Researchers indicated that using observed incidence rates from patients with colorectal cancer alone to assess potential screening outcomes may underestimate cancer prevention benefits.
Using observed incidence rates from patients with colorectal cancer (CRC) aged 45-49 years alone to assess potential outcomes of earlier screening may underestimate cancer prevention benefits, according to this study published in JAMA Network Open.1
The researchers suggested that more detailed studies are necessary to determine what proportion of CRC cases that could be prevented or diagnosed at earlier stages.
“Despite increasing [early-onset colorectal cancer; EOCRC] rates and presentations with advanced-stage disease, possible reasons posed against earlier screening include an absolute incidence among patients aged 45 to 49 years that is considered relatively low and potentially diverting resources from higher-risk older patients with nonoptimized screening rates,” the authors wrote. “Our findings, however, suggest the presence of a high case burden of undetected preclinical EOCRC in younger patients, not reflected in observed SEER incidence rates.”
Using data from the SEER 18 registries, which represents 28% of the US population, the researchers analyzed a total of 170,434 cases of CRC across 165,160 patients. Steep increases in the incidence of colorectal cancer in the SEER 18 registries was observed from 49-50 years of age (46.1%; 34.9 [95% CI, 34.1-35.8] to 51 [95% CI, 50-52.1] per 100,000 population). Additionally, steep rate increases from 49-50 years of age were also found in all US regions, men and women, black and white populations, and in colon and rectal cancers.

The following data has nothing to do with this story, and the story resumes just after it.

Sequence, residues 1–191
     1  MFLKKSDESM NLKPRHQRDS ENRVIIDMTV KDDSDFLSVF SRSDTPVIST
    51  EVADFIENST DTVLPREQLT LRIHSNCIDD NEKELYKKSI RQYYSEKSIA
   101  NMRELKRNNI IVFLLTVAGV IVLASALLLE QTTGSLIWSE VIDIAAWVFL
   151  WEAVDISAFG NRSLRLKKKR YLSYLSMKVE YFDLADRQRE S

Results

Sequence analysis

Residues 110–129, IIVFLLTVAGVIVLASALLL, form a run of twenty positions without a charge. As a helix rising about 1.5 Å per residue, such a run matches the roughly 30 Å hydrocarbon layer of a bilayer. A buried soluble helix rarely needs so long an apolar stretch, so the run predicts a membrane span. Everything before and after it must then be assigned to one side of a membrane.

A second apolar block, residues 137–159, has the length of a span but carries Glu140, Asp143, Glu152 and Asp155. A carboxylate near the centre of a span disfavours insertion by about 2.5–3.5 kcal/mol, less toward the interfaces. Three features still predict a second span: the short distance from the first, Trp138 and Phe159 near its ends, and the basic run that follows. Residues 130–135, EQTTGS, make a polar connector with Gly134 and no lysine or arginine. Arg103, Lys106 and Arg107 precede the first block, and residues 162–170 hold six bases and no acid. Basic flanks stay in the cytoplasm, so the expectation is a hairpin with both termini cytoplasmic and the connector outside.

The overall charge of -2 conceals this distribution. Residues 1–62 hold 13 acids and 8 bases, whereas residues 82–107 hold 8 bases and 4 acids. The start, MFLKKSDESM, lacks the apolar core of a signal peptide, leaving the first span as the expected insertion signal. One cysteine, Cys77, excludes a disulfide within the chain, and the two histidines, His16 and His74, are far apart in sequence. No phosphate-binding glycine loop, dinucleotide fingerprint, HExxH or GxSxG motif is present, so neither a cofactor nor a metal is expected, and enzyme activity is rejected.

The rate ratio incidence increase in the SEER 18 registries from 49-50 years of age was significantly higher than earlier 1-year age transitions (1.46; 95% CI, 1.43-1.51]). Moreover, steep rate increases in the SEER 18 registries were seen from 49-50 years of age in localized-stage (75.9%’ 11.2 [95% CI, 10.7-11.7] to 19.7 [95% CI, 19.0-20.3] per 100.000) and regional-stage (30.3%; 13.2 [95% CI, 12.7-13.8] to 17.2 [95% CI, 16.7-17.8] per 100 000) colorectal cancers.
Of the 9,474 cases of colorectal cancer in the SEER 18 registries diagnosed from 2000=2015 among those aged 50 years, a total of 8,799 were invasive.
“These findings suggest a high case burden of preclinical, undetected EOCRC in younger patients (ultimately diagnosed via screening uptake at 50 years) that is not reflected in observed SEER incidence rates,” the authors wrote. “Hence, we cannot reliably compare CRC incidence rates between individuals younger than 50 years and those 50 years or older to estimate effects of earlier screening.”
Researchers indicated that, in addition to studies determining the proportion of CRC cases diagnosed at 50 years through screening vs diagnostic testing, modeling studies, incorporating the steep incidence inflection point at 49-50 years, could also be conducted to estimate what the incidence rate increase at 45 years would be with earlier screening. Furthermore, studies such as this could also focus on cost-benefit analysis, quality-adjusted life-years, and other metrics to further interpret the effects of earlier screening.
According to Memorial Sloan Kettering Cancer Center, the number of cases of CRC in people under 50 is expected to almost double by 2030. Of those under 50 with colorectal cancer, most do not have a family history of the disease.2
1. Abualkhair WH, Zhou M, Ahnen D, Yu Q, Wu X, Karlitz JJ. Trends in Incidence of Early-Onset Colorectal Cancer in the United States Among Those Approaching Screening Age. JAMA Network Open. doi:10.1001/jamanetworkopen.2019.20407.
2. Memorial Sloan Kettering Cancer Center. Colorectal Cancer before 50. Memorial Sloan Kettering Cancer Center Website. Published 2020. mskcc.org/cancer-care/types/colorectal/colorectal-cancer-young-adults?gclid=CjwKCAiAyeTxBRBvEiwAuM8dnfV2ZljeqqmDd7Wf5lwBS7vwvlZpbOUkD8upKJg8ghuraOnMo-C9EBoCkT0QAvD_BwE. Accessed February 4, 2020.